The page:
FIGS. 4 and 5 are horizontal cross-sectional views taken along the lines 4--4 and 5--5, respectively, of FIG. 3.
With reference to the drawings, the separator of the present invention is referred to in general by the reference numeral 10 and includes an upright cylindrical shell 12 having a pair of openings extending through its upper end portion which register with an inlet connection 14 and an outlet connection 16, respectively. An additional opening is formed through the lower end portion of the shell 12 and registers with an additional outlet connection 18.
A riser pipe 20 is disposed within the shell 12 in a coaxial relationship thereto, with the upper end portion of the pipe extending within the inlet connection 14, and the lower end portion terminating in the lower portion of the shell. The upper end portion of the pipe 20 is welded to an inner wall portion of the inlet connection 14 along a cylindrical welding surface designated by the reference letter X, and a plurality of spacers 21 extend between the pipe and the corresponding opening in the shell 12.
A plurality of elongated, radially-extending slots 22 (FIG. 2) are formed through the wall portion of the pipe 20 at a point intermediate the ends of the shell 12. The slots 22 are equally spaced around the pipe 20, with six slots being shown disposed at sixty degree intervals for the purposes of example, it being understood that the number of slots and their particular angular disposition can vary in accordance with varying design requirements. Six substantially spiral-shaped arms 24 are connected to the pipe 20 in registry with the slots 22, respectively, with the free ends of the arms being open to permit fluid to discharge therefrom.
A cylindrical, open-ended, baffle, or skirt, 26 extends within the shell 12 and around the intermediate portion of the pipe 20 in a coaxial relationship therewith, with the inner wall of the skirt being spaced a small distance from the free ends of the arms 24. Three rib plates 28 extend between the pipe 20 and the skirt 26 adjacent their respective ends, with the rib plates extending at 120° intervals and being welded along their respective side edges to the pipe and the skirt, to support the skirt relative to the pipe. Three similarly spaced strut rods 30 extend between the pipe 20 and the skirt 26 immediately below the arms 24 to provide further support and raise the natural frequency of the system to reduce vibrations.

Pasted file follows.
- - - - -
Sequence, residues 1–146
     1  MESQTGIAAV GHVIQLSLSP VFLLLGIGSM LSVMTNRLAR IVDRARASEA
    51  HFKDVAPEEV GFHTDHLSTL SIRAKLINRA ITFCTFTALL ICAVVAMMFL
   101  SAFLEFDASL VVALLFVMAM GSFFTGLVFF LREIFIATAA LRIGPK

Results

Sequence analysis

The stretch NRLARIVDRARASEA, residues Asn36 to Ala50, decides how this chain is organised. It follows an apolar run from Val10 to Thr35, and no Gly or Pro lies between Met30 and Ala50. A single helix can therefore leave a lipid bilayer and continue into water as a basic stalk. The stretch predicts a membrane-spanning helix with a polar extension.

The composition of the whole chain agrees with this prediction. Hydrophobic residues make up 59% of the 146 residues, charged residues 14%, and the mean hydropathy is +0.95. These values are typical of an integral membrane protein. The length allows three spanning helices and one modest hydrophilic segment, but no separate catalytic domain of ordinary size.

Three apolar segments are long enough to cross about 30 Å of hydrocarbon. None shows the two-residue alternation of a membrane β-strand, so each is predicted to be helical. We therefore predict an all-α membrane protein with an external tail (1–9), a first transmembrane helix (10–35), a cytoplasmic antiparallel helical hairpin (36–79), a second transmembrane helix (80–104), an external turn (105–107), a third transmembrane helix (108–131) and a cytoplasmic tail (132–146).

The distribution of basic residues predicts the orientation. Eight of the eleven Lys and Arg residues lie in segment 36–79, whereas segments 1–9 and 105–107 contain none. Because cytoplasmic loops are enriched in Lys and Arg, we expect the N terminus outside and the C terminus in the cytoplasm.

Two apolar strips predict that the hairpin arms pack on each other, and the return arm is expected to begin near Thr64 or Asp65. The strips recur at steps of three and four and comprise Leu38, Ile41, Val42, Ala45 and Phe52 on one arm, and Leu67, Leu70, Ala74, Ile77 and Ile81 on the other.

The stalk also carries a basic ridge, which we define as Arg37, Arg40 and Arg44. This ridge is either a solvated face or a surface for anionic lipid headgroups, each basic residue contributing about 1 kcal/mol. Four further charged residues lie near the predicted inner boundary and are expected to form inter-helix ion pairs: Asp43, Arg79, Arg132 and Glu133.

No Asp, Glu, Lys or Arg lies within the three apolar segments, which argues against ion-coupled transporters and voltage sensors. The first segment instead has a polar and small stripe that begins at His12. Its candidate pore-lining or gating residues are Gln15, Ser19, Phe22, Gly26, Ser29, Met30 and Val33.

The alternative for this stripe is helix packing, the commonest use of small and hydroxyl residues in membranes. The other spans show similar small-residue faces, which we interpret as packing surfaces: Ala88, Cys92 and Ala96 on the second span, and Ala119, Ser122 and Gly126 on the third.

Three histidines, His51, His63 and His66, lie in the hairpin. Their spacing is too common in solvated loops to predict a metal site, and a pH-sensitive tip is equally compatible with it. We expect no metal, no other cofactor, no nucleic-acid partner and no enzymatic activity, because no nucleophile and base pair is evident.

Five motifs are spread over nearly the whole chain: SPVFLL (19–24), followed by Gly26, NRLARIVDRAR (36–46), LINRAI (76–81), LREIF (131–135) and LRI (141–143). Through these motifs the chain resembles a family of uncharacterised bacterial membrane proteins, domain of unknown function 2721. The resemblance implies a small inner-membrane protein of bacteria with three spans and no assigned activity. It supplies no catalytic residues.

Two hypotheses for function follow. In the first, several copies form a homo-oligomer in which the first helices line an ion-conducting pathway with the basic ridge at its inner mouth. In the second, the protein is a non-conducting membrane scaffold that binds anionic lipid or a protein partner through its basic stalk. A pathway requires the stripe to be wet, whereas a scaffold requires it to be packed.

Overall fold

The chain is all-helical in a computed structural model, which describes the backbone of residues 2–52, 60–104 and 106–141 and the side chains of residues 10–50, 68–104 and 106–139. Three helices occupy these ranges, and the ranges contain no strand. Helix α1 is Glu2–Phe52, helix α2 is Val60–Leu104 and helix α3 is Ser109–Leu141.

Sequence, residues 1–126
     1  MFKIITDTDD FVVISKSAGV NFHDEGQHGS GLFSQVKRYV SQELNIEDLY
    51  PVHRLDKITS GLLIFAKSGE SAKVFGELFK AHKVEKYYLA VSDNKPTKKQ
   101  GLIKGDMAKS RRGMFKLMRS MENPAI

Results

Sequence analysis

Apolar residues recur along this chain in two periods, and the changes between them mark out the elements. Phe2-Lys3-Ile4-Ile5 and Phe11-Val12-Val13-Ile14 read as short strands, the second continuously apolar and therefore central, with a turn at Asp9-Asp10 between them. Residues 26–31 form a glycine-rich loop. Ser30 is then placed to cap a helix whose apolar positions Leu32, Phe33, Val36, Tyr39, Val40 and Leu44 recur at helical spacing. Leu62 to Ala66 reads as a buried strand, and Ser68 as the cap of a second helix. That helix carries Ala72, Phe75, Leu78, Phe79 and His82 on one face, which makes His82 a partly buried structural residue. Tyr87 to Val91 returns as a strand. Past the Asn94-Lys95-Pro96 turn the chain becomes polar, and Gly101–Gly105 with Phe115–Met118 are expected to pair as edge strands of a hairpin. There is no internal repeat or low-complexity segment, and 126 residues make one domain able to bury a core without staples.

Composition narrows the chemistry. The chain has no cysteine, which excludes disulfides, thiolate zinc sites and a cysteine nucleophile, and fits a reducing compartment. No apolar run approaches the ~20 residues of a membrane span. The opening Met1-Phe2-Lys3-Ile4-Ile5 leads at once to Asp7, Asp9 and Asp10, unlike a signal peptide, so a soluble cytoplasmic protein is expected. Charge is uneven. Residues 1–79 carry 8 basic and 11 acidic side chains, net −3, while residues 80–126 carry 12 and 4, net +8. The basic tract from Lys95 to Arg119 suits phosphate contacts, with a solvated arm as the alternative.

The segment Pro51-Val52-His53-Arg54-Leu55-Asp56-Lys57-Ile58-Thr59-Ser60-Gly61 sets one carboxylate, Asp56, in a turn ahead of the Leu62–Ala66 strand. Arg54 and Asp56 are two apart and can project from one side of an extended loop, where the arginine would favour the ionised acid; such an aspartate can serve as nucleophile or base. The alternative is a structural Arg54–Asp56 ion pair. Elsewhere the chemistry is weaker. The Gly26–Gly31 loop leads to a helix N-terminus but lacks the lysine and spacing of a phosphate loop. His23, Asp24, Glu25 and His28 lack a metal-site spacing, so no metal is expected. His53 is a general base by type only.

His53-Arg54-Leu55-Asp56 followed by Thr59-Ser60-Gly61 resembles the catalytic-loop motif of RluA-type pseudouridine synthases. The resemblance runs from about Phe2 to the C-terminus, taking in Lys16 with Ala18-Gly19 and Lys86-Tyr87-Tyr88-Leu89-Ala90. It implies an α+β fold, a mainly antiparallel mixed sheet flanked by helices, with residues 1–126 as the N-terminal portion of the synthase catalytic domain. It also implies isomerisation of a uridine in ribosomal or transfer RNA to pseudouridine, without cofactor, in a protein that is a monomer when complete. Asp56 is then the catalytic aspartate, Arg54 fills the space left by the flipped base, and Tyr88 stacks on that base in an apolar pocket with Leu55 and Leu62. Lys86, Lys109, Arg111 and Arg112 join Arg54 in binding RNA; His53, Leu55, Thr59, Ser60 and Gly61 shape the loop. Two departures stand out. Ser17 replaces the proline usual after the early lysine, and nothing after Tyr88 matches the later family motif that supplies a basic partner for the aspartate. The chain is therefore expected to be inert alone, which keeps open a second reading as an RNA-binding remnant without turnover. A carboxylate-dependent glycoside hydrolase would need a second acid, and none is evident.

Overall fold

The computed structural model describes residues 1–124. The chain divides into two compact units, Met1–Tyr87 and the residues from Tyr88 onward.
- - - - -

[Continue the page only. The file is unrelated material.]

A plurality of set screws 32 extend through the shell 12 and engage the skirt 26 to center the assembly formed by the pipe 20, the arms 24, and the skirt within the shell 12. The set screws 32 are in two axially spaced sets of three screws per set, with the screws in each set being spaced at 120° intervals. The set screws 32 permit relative movement between the latter assembly and the shell 12 in an axial direction in response to any differential thermal expansion therebetween.
A plate 34 is disposed in the pipe 20 immediately below the arms 24 to close off the opening in the pipe and thus direct the fluid through the slots 22 and into the arms 24. A drip ring 36 is disposed in the upper portion of the shell 12 above the arms 24.
The shell 12 is provided with a high level connection 38 and a low connection 40 disposed near the upper and lower end portions of the shell, respectively, for the purpose of maintaining predetermined water levels in the shell in a conventional manner.
As a result of the above, when a mixture of water and vapor enters the connection 14 and the upper end portion of the riser pipe 20, it passes downwardly in the pipe and then radially outwardly from the pipe through the slots 22 and into the arms 24, where it is directed tangentially against the inner wall of the skirt 26. This creates a vortex, or whirling stream, of fluid with the resulting centrifugal forces causing the vapor portion of the fluid to travel away from the inner wall of the skirt 26 and towards the center of the whirling stream, from which it passes upwardly by virtue of its buoyancy into the upper portion of the shell 12 and exits via the outlet connection 16. The water portion of the mixture in the whirling stream collects on and flows down the inner wall of the skirt 26 until it falls off the wall, collects in the lower end of the shell 12, and drains from the connection 18.
This type of arrangement results in several advantages. For example, the downward movement of the water-vapor mixture in the pipe 20 decreases the possibility of water re-entrainment and thus improves the performance of the separator. Also, the upper location of the inlet connection 14 simplifies the circuitry utilized to connect the separator to associated equipment, such as to a downcomer extending from the furnace section of a vapor generating system, or the like.